• Legislators approved mobile betting this past session after voters approved a gambling expansion in 2016.
  • Dr. Daniel Harrop filed a suit against the Rhode Island Lottery, as he claims the voters did not approve sports betting specifically.
  • The preliminary briefings are due to the court by July 28, when the suit will begin its arduous process.

PROVIDENCE, R.I. – The lawsuit concerning sports betting in Rhode Island is beginning its preliminary discussions not in the courtroom but at the city level.

Giovanni Cicione, the town solicitor for Tiverton, RI, has expressed his desire for the town council to not take a position on the case.

“We were not involved in the suit but the judge decided we were an indispensable party,” said Cicione.

Tiverton is one of the two locations in Rhode Island that hosts a sportsbook in the state – the other being Twin River.

The briefings must be submitted by July 28 to the courts and Cicione has claimed the towns will only respond when the town’s lawyers have deeply reviewed the files. They will likely ask for a month to filter through the paperwork.

Both of the towns are in support of hosting the state’s sportsbooks, as they even receive a $100,000 compensation per year for their accommodations. The towns even asked legislators to raise this amount earlier this year.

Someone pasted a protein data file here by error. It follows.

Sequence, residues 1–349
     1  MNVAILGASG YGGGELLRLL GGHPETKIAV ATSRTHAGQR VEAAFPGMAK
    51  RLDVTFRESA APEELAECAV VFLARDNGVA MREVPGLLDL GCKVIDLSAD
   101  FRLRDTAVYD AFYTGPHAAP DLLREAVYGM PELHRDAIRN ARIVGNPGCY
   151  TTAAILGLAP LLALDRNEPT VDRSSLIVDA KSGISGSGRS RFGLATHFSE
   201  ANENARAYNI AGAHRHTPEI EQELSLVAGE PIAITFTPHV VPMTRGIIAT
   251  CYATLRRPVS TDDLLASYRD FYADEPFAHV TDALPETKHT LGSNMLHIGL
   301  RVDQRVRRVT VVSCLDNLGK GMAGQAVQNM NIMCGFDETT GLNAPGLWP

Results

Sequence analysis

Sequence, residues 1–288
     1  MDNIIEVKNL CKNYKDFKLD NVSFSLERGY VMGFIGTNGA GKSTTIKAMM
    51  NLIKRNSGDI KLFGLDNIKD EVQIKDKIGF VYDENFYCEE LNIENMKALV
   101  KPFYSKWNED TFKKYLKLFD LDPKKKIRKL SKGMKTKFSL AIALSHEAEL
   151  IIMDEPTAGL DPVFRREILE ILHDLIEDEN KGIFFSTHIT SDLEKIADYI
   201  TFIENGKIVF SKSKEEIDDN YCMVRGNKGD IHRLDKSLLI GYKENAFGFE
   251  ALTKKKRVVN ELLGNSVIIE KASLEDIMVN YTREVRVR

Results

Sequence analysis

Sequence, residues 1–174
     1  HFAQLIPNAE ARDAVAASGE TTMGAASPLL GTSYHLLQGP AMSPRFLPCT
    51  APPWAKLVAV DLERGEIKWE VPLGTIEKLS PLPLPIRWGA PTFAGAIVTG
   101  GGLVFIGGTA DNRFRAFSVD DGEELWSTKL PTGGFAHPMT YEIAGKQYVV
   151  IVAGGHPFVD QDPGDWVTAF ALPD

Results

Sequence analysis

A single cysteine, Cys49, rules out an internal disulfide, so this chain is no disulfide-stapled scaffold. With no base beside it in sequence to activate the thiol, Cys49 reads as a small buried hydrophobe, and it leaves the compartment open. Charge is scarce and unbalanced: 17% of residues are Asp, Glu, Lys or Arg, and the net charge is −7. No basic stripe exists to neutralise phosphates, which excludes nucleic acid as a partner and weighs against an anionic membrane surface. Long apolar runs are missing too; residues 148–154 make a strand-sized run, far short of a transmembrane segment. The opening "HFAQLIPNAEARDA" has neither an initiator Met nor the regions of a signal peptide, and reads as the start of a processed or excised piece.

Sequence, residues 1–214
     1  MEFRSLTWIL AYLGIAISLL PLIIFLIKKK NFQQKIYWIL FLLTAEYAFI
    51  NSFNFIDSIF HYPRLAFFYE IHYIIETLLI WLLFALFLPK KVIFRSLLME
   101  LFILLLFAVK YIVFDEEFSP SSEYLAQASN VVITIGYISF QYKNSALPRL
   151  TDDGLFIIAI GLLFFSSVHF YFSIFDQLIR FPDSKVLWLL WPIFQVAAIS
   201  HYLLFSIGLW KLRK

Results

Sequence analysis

“There’s a sense the most efficient way to get this behind us is to agree there’s standing and it should be decided by a judge,” said Cicione.

A Brief Introduction To The Lawsuit

In early May, Dr. Daniel Harrop, a Republican activist, psychiatrist, and former Mayoral candidate of Providence filed the suit against the Rhode Island Lottery. His claim was the 2016 voter referendum that approved a casino expansion did not specify that sports betting would be a game implemented.

Under state laws, voters are required to approve any gaming expansion through a referendum, though the state believes this already occurred with the 2016 measure, which approved Class III gaming.

While sports betting isn’t clearly defined in a specific gaming class, it certainly would be considered Class III, as it is not traditional Indian gaming (Class I) or a game of chance involving a non-banked payout (Class II).

Regardless, both the Tiverton Casino in Tiverton and the Twin River Casino in Lincoln began their sports betting operations in late 2018, despite the legislators’ discussions about potentially needing voter approval.

Legislators even enacted laws to support a mobile sports betting industry, which was expected to launch before football season.

Both of the casinos are still in operation and have been providing RI bettors opportunities to win major cash. Only time will tell how the lawsuit will play out and even if the measure will even make it past the introductory stage.

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